Early aggressive nutrition enhances language development in very low-birthweight infants


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Abstract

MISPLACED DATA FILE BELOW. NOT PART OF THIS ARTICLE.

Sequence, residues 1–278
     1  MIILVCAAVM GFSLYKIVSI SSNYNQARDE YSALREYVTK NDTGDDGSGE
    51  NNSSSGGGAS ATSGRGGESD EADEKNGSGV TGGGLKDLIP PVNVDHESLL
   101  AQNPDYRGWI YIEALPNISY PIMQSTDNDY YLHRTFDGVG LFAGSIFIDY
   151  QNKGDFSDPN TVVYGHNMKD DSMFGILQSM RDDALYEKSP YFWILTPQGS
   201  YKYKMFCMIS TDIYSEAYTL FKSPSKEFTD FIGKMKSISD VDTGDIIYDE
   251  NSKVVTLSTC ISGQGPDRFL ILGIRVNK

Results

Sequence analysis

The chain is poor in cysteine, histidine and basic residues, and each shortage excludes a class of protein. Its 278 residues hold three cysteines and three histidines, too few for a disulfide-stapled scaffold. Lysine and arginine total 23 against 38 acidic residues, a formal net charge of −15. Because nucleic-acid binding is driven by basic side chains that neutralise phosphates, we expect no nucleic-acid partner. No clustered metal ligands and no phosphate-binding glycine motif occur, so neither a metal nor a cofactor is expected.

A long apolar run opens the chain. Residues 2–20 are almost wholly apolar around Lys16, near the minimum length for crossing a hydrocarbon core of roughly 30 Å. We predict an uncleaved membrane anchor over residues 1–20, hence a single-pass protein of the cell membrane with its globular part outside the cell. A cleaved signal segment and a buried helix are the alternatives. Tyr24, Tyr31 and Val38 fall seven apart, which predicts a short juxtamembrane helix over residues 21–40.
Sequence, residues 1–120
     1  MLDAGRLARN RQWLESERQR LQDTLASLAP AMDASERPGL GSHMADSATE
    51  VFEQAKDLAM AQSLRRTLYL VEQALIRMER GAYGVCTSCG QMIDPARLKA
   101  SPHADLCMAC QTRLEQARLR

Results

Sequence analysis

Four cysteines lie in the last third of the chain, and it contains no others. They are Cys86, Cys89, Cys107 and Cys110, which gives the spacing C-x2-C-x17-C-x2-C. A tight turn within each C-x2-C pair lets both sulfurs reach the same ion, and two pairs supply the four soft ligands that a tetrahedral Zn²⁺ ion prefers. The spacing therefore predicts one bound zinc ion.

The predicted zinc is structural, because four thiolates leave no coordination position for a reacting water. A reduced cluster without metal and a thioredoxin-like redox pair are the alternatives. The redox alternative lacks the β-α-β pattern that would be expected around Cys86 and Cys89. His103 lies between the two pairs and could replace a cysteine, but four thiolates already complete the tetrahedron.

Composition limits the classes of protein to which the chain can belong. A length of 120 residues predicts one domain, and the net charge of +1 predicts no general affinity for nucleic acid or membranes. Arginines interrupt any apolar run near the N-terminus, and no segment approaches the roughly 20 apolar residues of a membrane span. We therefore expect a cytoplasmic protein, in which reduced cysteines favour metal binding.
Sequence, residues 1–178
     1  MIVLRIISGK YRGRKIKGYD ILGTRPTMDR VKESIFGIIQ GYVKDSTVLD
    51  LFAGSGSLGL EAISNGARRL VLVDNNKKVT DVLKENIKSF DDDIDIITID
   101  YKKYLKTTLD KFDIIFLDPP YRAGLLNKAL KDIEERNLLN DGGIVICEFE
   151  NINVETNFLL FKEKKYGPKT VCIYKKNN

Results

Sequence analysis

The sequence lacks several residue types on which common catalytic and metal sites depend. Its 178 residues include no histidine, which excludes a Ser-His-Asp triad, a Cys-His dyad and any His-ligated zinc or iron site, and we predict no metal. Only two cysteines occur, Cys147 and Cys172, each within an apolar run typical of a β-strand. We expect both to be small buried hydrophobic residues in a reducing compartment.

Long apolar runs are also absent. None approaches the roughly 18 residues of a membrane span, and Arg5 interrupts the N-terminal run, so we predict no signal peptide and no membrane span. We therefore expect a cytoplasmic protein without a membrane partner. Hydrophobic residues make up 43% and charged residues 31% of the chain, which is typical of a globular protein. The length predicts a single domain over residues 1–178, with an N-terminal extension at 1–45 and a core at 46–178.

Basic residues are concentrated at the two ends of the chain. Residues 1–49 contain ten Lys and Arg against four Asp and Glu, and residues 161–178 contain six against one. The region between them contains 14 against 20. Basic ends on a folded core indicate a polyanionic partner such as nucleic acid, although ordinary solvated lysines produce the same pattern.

Background:Inadequate nutrition in very-low-birthweight (VLBW) infants is known to be associated with growth failure and poor neurological outcomes. We aimed to investigate the association of early aggressive protein and energy intakes with weight gain and 18-month neurodevelopmental outcomes in VLBW infants.Methods:A total of 90 infants among 129 infants who survived to discharge were included and divided into two groups (early aggressive nutrition [n = 52] vs conventional nutrition [n = 38]). Clinical findings were compared between the two groups and daily protein and energy intakes were collected for the first 4 weeks of life. Multiple regression analyses tested the association between weekly protein or energy intakes and the result of each category of the Denver Developmental Screening Test II at 18 months' corrected age or weight gain.Results:The early aggressive nutrition group had higher rates of normal language development and lower rates of growth failure (<10th percentile) at both 40 weeks' and 18 months' corrected age compared to the conventional nutrition group. After controlling for the confounding variables, higher first week protein and energy intakes each independently contributed to normal language development (odds ratio [95% confidence interval]; 9.4 [1.8–49.6] per 1 g/kg of protein increase and 1.7 [1.1–2.8] per 10 kcal/kg of energy increase). Higher first-week protein intake was associated with a higher weight at 40 weeks' corrected age (r = 0.41, P = 0.005).Conclusions:This study demonstrates the importance of the protein and energy intakes in VLBW infants in the first week of life not only for growth but also for better language development.

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